Schembechler's car to a side door so the 19th-year head place Bay.
coach could avoid the press. Bay, a Michigan alumnus, met with Jennings
BRUCE BRIEFLY spoke with the media after around 1:30 p.m and refused to wait to fire Bruce after
his team's practice. "I guess they have a right to fire a the Ohio State-Michigan game this weekend. B ay-
guy," Bruce said. "I think it's very poor timing, right informed Bruce of Jennings' decision at 2:30 p.m. and
before the Michigan game, the most important game then resigned. Bay attributed his departure to
on our schedule. See BRUCE, page 7
Regets join panel on out-of
state entrollment increase

Sexual Assault Prevention and Awareness Center volunteer Marya Mogk
conducts an acquaintance rape workshop last night at the Pi Beta Phi
Sorority house. About 60 women and Sigma Chi men attended the
Greeks learn facts
about date rape

Two members of the University's
Board of Regents met with state
government officials in Ann Arbor
yesterday to recap last spring's
dispute over the University's out-of-
state enrollment level.
The meeting, the first of a series
of talks mandated by this year's state
higher education appropriations bill,
set the stage for negotiations to allay
legislative concern that the
University's admissions process
favors non-residents.
Regent Deane Baker (R-Ann
Arbor), one of the University's
representatives, said the state,
legislators and regents restated their
opposing views and presented

analyses of the issues.
"There was no recrimination on.
anyone's part," Baker said. "There
was substantial discussion as to
whether undergraduates and graduate
students should both be included in
the discussion. It's really very
difficult to talk about these two in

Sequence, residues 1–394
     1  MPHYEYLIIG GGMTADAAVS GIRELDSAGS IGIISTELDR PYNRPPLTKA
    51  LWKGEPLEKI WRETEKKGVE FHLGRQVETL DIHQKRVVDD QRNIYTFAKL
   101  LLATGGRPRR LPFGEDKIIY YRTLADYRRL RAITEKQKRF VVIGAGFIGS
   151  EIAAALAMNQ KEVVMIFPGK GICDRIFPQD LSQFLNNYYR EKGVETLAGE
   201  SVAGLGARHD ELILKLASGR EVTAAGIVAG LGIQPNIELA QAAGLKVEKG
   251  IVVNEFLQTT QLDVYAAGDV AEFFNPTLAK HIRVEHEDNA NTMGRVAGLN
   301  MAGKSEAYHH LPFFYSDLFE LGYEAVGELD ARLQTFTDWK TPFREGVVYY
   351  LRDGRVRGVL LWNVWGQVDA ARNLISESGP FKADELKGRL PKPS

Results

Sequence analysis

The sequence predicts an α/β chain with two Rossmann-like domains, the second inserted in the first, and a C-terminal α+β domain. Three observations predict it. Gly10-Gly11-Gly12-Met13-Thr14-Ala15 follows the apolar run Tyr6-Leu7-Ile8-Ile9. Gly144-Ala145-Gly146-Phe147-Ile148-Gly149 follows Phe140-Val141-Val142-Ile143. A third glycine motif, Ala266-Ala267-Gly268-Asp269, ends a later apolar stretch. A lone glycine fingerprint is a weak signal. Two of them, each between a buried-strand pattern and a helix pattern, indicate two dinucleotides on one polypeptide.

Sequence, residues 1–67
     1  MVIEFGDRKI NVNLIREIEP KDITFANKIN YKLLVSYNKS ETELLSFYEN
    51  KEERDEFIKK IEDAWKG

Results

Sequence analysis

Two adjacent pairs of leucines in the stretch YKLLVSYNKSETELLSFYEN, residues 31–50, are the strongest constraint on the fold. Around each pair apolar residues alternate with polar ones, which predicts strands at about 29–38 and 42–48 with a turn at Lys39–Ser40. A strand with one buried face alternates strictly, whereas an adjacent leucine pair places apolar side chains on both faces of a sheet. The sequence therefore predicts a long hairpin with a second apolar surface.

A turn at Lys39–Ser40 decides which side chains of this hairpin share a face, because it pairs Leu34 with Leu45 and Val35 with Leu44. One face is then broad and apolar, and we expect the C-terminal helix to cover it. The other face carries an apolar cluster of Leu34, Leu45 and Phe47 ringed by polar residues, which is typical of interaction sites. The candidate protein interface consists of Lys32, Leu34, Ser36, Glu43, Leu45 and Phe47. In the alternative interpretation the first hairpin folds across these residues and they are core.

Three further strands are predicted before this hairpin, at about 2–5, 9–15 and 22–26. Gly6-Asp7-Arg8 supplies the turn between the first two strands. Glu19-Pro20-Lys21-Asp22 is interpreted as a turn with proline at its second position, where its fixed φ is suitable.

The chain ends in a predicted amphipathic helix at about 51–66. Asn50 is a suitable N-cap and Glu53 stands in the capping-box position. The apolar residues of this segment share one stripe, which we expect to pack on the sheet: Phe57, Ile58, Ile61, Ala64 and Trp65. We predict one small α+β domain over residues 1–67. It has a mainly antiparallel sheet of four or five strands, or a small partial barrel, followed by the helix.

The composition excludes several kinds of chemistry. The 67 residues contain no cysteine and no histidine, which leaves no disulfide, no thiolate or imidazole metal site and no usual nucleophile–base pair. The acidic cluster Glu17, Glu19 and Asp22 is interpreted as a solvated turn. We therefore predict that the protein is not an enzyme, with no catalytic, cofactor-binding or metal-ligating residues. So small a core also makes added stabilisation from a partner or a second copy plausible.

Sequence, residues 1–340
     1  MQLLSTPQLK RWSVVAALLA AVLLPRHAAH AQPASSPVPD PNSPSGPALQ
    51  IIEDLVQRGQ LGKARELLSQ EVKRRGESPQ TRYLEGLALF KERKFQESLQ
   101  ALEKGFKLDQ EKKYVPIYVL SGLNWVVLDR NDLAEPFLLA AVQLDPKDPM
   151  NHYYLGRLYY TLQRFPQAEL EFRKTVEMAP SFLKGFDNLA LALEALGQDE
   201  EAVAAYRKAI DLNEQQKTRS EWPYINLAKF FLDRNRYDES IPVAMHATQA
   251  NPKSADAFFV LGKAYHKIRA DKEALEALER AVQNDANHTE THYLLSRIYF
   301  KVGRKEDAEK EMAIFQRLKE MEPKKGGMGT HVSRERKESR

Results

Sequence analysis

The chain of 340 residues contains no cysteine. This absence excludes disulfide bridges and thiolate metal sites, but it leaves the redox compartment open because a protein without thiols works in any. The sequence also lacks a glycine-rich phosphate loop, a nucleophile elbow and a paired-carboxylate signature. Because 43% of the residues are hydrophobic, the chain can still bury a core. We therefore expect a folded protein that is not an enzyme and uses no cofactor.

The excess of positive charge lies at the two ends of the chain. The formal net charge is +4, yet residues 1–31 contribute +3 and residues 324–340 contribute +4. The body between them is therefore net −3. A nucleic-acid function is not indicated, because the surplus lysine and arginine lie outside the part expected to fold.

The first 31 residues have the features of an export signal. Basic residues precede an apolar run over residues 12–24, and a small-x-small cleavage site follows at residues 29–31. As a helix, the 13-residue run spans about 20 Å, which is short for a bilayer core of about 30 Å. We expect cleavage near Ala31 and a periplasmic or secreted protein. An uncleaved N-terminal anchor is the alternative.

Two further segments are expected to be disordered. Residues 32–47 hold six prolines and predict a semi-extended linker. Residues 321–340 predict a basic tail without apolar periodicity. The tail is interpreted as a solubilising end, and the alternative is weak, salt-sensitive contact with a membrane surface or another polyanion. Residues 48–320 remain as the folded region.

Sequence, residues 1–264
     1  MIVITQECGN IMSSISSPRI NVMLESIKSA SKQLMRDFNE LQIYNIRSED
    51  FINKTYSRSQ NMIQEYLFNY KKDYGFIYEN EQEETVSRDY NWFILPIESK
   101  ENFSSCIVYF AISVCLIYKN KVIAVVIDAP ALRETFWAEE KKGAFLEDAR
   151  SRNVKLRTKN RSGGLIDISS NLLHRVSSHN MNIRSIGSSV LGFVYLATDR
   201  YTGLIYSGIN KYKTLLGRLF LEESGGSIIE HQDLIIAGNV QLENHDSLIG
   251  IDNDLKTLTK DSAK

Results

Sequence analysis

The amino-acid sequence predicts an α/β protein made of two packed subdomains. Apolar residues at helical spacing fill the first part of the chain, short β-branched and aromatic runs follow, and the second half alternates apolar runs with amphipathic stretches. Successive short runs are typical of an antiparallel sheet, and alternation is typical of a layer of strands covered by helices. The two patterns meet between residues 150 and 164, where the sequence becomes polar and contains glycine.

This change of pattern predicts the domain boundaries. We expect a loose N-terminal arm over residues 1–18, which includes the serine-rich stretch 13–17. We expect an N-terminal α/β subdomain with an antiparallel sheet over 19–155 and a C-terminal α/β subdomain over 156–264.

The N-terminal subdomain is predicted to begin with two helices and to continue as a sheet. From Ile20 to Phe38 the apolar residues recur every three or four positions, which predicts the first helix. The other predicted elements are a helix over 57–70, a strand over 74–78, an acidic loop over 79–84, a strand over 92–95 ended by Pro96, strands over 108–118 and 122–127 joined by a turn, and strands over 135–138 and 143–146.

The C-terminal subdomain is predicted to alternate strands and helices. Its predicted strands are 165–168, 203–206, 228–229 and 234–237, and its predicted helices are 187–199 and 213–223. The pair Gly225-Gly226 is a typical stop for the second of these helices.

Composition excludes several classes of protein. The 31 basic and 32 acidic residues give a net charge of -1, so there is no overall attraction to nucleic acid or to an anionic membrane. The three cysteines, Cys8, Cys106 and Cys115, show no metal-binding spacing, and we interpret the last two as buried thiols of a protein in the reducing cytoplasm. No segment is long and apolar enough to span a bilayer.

Statistics cited by state officials
during last summer's budget talks,
which estimated the University's
out-of-state enrollment at 36 percent,
reflected the number of graduate and
undergraduate students on the Ann
Arbor campus. Including enrollment
figures from the University's
satellite campuses in Dearborn and
Flint deflates that ratio to 30

Restricting discussion to the
undergraduate population also lowers
the figure, Baker said, because over
one-half of the University's graduate
students are from different states or
Baker and Regent Thomas Roach
(D-Saline) presented a report on the
historical rise and decline of out-of
state enrollment compiled by Vice
President for Academic Affairs and
Provost James Duderstadt. The
report said the present ratio is very
close to the historical average. Baker
said the University's official report
is still unfinished.
"The regents still want to discuss
See REGENTS, Page 2

In an effort to raise
acquaintance rape consciousness in
the University's Greek system,
about 60 sorority and fraternity
members attended a sexual assault
awareness workshop last night.
Pi Beta Phi President Krista
Dunton, an LSA senior, organized
the workshop which was held in
her sorority house along with the
Sigma Chi fraternity.
Two volunteers from the
Sexual Assault Prevention and
Awareness Center conducted the
two-hour workshop. Starting with
a "myth-busters" discussion, the
facilitators dispelled myths about
sexual assault.
Brian Dietz, a first year law
student and SAPAC volunteer,
said acquaintance rapes account for

80 to 90 percent of all rapes.
Marya Mogk, an LSA junior
and SAPAC volunteer, told the
group men rape to assert power,
aggression, and anger. "Rape is
not a crime of sexuality, it's a
crime of aggression," she said.
One fraternity member asked,
"If violence is not involved, is